What is Art ‘for’?
By Marnie Latz
When pondering recently ‘What is Art for?’, I came across a book by Alain de Botton, who set out the convincing argument that Art is a tool. Art performs a function that we cannot do for ourselves, much like using a knife due to our inability to cut things with our hands. Here are a selection of 5 things Art can help us with:
Like our current obsession with taking photos of everything, art captures every detail of a particular moment, as our memories cannot be trusted to record everything. The artist decides which of the details to include and which to leave out. In doing this, they not only capture the experience, but also the essence of the moment.
Art as a Tool: a corrective of bad memory
In a world continually reminding us of all the sad things that are happening around us, it is important to have a tool to help us stay positive and hopeful. This category of art is the most popular and most frowned upon by the art world, as it comes across as frivolous and shallow. If we were all more hopeful, this category would not hold our interest or affect us the way that it does. For a good life, we need hope.
“Art is the highest form of hope” Gerhard Ritcher
Art as a Tool: a purveyor of hope
We have a tendency to lose hope easily and feel lonely in a sea of people. We have an unrealistic sense of how much difficulty is normal and think that sorrow cannot be part of a good life. Art highlights that we are all in this together, acknowledging our grief and allowing us to find meaning in sorrow.
Art as a Tool: a source of dignified sorrow
Most of us are unbalanced – too scientific, too light hearted, too trusting, too serious. Art that moves us, contains something that we are missing. That’s why we are all drawn to different types of art. Art reminds us of balance and offers to make us whole.
Art as a Tool: a balancing agent
Art reminds us of the value of what we have but have become desensitised to. A major cause of unhappiness is not appreciating what we already have. The minute to yourself for a cup of tea, the satisfaction of a well stacked dishwasher or completed jigsaw puzzle.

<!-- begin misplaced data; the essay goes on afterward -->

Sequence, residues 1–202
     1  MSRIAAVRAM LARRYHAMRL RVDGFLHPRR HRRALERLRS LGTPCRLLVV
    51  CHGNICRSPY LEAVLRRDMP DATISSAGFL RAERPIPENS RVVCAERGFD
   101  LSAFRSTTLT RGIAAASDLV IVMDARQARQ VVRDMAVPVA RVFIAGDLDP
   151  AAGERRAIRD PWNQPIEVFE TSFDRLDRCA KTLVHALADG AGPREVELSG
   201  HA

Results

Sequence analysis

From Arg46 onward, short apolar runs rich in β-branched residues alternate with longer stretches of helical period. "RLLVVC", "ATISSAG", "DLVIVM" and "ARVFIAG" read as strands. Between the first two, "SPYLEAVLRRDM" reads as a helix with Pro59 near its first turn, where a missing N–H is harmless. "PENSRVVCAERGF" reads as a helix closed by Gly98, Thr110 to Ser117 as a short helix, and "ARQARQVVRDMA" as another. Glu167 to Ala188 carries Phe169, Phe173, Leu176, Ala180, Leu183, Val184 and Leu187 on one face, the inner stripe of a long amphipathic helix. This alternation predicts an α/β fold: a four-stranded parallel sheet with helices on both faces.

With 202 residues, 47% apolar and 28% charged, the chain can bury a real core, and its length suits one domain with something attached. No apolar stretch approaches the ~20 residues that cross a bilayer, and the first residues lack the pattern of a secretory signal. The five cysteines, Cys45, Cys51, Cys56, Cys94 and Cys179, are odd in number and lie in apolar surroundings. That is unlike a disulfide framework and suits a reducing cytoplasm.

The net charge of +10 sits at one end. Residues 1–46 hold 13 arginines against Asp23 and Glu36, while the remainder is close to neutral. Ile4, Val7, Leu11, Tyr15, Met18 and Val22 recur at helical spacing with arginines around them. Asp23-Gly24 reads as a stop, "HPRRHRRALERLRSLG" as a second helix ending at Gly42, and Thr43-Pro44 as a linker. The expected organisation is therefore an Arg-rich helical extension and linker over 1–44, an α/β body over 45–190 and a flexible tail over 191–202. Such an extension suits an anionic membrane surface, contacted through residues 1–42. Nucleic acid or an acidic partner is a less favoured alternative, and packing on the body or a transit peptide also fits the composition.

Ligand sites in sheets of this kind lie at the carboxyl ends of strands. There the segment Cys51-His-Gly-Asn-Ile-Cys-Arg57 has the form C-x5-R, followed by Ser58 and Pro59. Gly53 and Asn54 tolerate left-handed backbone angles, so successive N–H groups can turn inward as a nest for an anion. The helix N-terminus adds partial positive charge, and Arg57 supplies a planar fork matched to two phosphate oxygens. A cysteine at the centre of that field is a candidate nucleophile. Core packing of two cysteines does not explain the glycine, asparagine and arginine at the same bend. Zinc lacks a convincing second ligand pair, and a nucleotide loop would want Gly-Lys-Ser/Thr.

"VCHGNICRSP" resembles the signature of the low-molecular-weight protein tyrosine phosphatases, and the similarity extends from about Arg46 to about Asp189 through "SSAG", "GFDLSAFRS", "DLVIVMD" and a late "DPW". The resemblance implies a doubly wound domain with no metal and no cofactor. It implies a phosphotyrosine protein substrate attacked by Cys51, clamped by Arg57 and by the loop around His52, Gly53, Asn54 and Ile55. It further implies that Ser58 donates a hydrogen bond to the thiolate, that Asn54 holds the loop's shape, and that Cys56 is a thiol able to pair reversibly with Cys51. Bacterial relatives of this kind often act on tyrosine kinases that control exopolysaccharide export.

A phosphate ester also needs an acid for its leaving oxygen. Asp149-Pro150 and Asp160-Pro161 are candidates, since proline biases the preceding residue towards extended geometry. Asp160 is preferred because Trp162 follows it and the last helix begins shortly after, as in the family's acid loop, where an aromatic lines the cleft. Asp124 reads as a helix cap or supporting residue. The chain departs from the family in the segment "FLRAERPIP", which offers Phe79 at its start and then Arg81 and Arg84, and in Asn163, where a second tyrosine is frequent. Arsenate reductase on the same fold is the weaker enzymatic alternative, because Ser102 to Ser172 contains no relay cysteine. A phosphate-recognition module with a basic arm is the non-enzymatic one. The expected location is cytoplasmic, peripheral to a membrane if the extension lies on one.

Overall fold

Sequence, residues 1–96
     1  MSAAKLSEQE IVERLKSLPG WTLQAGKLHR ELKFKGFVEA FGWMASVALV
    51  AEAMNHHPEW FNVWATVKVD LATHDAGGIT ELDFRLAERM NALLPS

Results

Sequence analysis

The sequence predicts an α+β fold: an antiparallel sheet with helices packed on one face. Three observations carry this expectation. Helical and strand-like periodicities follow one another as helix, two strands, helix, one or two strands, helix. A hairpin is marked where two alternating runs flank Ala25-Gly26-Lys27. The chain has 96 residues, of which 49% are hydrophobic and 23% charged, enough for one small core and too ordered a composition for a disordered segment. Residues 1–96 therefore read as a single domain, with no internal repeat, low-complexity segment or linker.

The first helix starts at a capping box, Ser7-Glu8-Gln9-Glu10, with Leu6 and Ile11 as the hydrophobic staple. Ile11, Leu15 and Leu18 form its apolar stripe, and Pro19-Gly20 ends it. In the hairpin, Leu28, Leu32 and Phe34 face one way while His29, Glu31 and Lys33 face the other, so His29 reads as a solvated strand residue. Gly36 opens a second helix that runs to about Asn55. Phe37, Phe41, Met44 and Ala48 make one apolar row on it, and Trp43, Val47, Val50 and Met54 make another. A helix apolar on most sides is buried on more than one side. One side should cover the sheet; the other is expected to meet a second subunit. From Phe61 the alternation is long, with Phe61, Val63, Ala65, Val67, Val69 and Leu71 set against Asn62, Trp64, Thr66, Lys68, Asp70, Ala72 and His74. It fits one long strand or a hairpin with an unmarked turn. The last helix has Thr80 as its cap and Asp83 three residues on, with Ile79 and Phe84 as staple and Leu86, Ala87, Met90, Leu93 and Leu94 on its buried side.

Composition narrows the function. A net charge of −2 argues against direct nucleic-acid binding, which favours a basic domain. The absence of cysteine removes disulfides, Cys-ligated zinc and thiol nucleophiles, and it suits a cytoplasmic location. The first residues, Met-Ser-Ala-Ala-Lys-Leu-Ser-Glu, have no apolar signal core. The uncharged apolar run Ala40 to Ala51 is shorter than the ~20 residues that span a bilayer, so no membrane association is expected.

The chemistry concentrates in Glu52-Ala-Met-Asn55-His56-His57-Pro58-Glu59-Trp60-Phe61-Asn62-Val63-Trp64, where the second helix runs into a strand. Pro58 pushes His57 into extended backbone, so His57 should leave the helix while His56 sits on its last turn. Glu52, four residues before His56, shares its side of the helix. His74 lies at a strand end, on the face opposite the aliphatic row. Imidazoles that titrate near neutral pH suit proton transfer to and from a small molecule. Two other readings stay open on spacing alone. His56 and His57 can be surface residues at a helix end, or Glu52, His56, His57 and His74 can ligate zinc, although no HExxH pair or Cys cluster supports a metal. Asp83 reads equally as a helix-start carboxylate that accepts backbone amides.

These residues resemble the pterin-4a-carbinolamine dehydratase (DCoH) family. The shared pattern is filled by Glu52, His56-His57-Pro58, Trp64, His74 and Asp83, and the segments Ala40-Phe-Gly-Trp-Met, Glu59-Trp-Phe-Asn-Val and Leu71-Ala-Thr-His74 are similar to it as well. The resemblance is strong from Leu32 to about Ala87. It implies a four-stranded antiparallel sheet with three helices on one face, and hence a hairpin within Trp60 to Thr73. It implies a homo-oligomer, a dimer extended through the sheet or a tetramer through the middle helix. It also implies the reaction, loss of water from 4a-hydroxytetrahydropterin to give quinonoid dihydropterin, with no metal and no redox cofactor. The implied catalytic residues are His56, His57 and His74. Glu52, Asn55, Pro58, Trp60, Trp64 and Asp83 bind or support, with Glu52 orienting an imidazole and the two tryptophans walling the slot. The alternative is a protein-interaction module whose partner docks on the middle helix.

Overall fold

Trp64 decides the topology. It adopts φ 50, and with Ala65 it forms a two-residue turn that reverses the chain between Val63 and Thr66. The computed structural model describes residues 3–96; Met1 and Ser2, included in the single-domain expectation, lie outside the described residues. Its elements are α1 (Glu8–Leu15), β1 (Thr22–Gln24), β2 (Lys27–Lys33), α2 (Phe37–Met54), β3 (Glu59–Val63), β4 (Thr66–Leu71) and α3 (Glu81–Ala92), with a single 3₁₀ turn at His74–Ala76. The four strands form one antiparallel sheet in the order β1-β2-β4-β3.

“ Art does the opposite of glamourising the unattainable; it can reawaken us to the genuine merit of life as we are forced to lead it.” Alain de Botton
Art as a Tool: a re-sensitising tool
Join us for Unity Art in Term 2, where we will explore ‘What is Art For?’.
We will follow inspiration found in this Blog by Marnie Latz’s on the work of Alain de Botton and John Armstrong in the book Art as Therapy and Blogging the process.
*Subscribe to our Blog to follow our journey this term!
We will look at art as a tool. In the book Art as Therapy de Botton and Armstrong outline seven functions of art; remembering, hope, sorrow, rebalancing, self-understanding, growth, appreciation.
We will be explore and make art on the following functions –
Session 1: Week 1 & 2
3/5 & 10/5: Remembering (bring along a picture to work from or a favourite memory)
Session 2: Week 3 & 4
17/5 & 24/5: Hope (create a visual representation of what brings you hope)
Session 3: Week 5 & 6
31/5 & 7/6: Sorrow (a cathartic release to create a unique work of art)
Session 4: Week 7 & 8
14/6 & 21/6: Rebalancing (art that moves us, contains something that we are missing.. what are you missing, what moves you? Create a work that moves you)
Session 5: Week 9 & 10
28/6 & 5/7: Appreciation (what do you value? Create a work inspired by what you value)
$27.50 casual rate
$50 for each session
$225 for the term
To register click here and select Unity Art from the Creative Arts section of our expression of interest form.